My 2nd grade teachers are awesome for being so eager to come to the library for virtual field trips, and all 6 classes wanted to do one around the first Thanksgiving. There are so many advantages to doing a virtual field trip, perhaps the biggest is that students seem to be very engaged with the content. I was a little nervous that some of the information presented might be advanced for this age level, but I knew that they'd still enjoy the experience & the teachers were willing to give it a go!
I started doing virtual field trips last school year during library lessons and found that my less participatory students in full-group settings really blossomed when it came to using technology, working in teams, and changing the focus away from reading and on to other disciplines (science, social studies, history, etc). My most successful & fun was a trip to the Grand Canyon & similar landmarks around the world with 4th graders after they completed a landforms unit. My schedule really restricts how often I can plan these experiences, so I used the end of the year technology conference as a way to spread the world about how virtual field trips can be used in classrooms, as a collaborative lesson with your media coordinator, and the many benefits I've found from doing them with students. I hooked my 2nd grade teachers, and hopefully the fun and success we have together will encourage other grades to try it out too!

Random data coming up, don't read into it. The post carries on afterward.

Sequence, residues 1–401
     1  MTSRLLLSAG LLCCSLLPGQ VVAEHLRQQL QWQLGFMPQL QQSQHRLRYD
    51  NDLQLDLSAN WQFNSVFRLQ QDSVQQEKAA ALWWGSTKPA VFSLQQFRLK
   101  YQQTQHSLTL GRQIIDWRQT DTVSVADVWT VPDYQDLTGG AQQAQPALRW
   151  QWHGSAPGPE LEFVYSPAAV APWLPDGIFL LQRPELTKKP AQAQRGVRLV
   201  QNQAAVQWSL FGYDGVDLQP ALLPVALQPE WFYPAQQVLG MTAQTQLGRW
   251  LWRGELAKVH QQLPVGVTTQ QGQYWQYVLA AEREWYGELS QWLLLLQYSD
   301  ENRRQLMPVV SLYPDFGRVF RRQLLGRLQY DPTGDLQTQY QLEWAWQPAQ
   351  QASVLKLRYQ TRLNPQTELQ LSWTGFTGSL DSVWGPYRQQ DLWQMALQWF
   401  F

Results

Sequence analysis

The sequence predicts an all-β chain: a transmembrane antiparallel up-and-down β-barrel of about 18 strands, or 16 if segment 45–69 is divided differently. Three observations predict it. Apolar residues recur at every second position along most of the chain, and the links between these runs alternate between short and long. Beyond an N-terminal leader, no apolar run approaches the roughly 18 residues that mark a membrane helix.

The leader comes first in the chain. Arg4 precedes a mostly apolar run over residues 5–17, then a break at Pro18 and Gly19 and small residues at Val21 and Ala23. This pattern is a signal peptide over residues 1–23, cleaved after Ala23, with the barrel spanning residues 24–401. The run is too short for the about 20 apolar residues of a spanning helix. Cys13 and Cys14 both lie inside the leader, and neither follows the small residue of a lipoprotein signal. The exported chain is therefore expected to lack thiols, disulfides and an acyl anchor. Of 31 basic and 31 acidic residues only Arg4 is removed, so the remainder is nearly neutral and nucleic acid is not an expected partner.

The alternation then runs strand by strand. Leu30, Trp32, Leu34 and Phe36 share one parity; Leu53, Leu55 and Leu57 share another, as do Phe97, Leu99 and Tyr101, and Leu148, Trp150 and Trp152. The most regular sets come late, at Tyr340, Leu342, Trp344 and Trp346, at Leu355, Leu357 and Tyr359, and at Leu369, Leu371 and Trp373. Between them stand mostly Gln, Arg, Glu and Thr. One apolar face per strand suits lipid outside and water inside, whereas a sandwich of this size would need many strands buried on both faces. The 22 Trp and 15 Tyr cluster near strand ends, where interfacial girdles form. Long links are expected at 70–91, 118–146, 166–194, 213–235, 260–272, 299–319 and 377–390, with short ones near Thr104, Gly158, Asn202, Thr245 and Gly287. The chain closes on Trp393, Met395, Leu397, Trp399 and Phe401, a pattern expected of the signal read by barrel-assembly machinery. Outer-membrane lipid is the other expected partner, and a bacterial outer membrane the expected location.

For this field trip, I squeezed in 6 classes over 2.5 days - chaos! Fortunately, it lent itself to easy set-up, and it's highly student-directed versus the teacher feeding information. The website we used was by Scholastic, and can be found at http://www.scholastic.com/scholastic_thanksgiving/. Students spread out across the big library space and, with partners, picked which video they wanted to start with: the Mayflower, Pilgrim Village, or Wampanoag Homesite. These are longer videos, so I reminded students that they would need STAMINA to get through the information, but we really didn't have issues of any students losing focus. After watching a video, they looked through the slideshow photographs of Plimoth Plantation and did some guess work by "reading" the pictures, just like they do in picture books and informational text.